North Face of Mt Hicks - 1957
From our snow cave high on the La Perouse Glacier, we had to drop down the glacier and sidle left to get to the foot of the, then unclimbed, north face of Mt Hicks. We’d had a big yesterday on Tasman and a late start meant that we didn’t get onto the rib until after eleven. Our initial intent had been to climb up the snowfield, which runs up under Dampier. A few whirring sounds and the bulging ice cliffs above dissipated our resolve and we scampered over to the nearest rib of Hicks adjacent to the bottom of the snowfield. At first there was nothing too difficult about the rock, but after a few hundred feet the big nose on the rib appeared more ominous. Jim Wilson and Mike White were ahead when we reached it and were investigating a shallow gully immediately to the northeast of the nose. When Dave Elphick and I caught up they were scratching about on what seemed to be a steep smooth ice-worn part of the gully – and voicing doubts about its feasibility.
|Looking Up Gully Crux on Hicks
|Dave Elphick on Crux
|BLS above Rib Nose (Photo: DJE)
|BLS on Upper Rib (Photo: DJE)
Towards the top we sidled left and the afternoon was over when we finally reached the Dampier-Hicks ridge. A short scamper on crampons along the ridge took us to the summit soon after the sun set. The lights of the Hermitage shone up through the gloom of the Hooker Valley. It was 8pm and we were in for a night out. Despite the clear sky, a cool breeze had sprung up and we settled down behind a little rock sangre, rapidly built in the last of the light. We had no warm gear other than our jerseys and parkas; we tucked our feet and lower legs into our roomy Mountain Mule packs. The night was spent shivering, turning every few minutes to give relief to our outer sides and checking the time. Our equanimity was disturbed about four in the morning as the moon rose beyond Dampier and we could see hog’s backs starting to form over Cook. The wind was steadily rising.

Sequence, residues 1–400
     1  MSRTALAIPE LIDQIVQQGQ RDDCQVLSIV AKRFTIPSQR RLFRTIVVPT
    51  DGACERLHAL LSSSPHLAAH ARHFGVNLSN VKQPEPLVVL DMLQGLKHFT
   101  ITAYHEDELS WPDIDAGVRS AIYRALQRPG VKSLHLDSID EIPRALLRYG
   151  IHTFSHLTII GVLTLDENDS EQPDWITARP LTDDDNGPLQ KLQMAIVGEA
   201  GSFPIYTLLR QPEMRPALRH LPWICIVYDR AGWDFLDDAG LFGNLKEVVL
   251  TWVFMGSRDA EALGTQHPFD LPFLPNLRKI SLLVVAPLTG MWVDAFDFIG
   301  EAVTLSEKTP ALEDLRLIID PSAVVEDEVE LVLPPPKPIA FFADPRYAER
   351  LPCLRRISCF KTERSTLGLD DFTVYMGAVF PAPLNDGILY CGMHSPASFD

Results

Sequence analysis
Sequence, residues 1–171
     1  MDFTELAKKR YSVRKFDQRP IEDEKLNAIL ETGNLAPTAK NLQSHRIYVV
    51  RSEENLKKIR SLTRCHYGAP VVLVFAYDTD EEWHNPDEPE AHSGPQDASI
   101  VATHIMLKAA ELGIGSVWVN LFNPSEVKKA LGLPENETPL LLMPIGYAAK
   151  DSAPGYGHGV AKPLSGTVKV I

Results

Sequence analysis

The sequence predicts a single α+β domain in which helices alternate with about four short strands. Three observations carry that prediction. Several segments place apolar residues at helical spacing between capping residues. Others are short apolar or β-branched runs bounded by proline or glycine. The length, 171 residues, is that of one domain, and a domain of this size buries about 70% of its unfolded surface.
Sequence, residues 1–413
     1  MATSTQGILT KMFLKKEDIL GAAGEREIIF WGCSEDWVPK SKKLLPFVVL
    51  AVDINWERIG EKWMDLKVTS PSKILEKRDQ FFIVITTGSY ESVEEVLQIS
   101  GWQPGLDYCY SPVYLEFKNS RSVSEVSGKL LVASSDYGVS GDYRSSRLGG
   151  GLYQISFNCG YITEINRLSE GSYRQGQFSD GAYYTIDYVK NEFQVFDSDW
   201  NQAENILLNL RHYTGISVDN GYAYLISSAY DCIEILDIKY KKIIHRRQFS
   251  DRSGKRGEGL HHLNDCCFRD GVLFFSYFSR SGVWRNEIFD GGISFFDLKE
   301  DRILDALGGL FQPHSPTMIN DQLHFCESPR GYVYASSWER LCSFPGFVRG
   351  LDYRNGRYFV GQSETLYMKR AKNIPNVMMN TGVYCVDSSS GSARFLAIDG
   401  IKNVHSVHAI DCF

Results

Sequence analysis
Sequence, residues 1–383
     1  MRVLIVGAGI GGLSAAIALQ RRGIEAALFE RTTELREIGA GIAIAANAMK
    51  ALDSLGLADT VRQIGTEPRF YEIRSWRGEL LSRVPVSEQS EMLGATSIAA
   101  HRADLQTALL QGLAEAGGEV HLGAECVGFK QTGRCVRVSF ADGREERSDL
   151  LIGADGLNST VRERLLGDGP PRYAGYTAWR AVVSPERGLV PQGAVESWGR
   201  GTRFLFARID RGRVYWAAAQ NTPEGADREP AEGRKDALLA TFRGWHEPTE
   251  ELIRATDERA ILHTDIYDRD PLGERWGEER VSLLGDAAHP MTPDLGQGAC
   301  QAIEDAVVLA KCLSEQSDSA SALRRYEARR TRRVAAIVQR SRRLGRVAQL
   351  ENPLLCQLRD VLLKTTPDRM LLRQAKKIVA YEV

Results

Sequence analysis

At four we switched on our torches and nervously made our way back down the ridge to the top of our rib. Here we awaited dawn and enough light to climb. Right on the cue of dawn the storm struck. We had no choice but to go down and from the very start the rocks iced up. Every foot placement was deliberate and the NW wind, rocketing up the face, had the rope between us arching up into the sky. The ice and rock made short work of my woollen gloves. We continued for hours, each of us encased in our little cone of concentration, all sense of exposure lost in the storm. All along we wondered how we’d manage at the nose on the rib, our crux of the previous day. For several of our trips Dave had argued, one against the three of us, for the inclusion of a 200 ft thin rappelling line in the party gear. Now in the icy gully beside the nose Dave unpacked his ‘bloody rope’ (as we called it) and arranged a good sling on one of our two precious pitons. In sleet we abseiled down our crux of the previous day. At the bottom of the abseil I was going up and down like a yo-yo on the thin line and luckily had just enough rope to make it to a stance. Dave joined me and we down-climbed and abseiled again, now in torrential rain, before heading off onto the snow. We were moving very slowly now, not because of deliberation, but because we were bloody cold. Speech was difficult. We wasted no time, packed the ropes away, and moved out onto the snowfield and the La Perouse Glacier with as much vigour as we could muster. We managed to warm up a little and just kept moving on up the neve hoping we wouldn’t miss the cave. At about 1pm we heard a shout and there in the sleet, starting to move away from the snow cave, were Jim and Mike. They had warm gear and drink in their packs and had decided to go looking as far as the bottom of the face. We all dived back into the cave and they helped us get out of our sodden gear and into dry clothes and sleeping bags. Ah, that hot brew. We emerged from the snow cave two mornings later. The face of Hicks was plastered with snow and we contemplated our narrow escape. The following morning we went out over Clarke Saddle.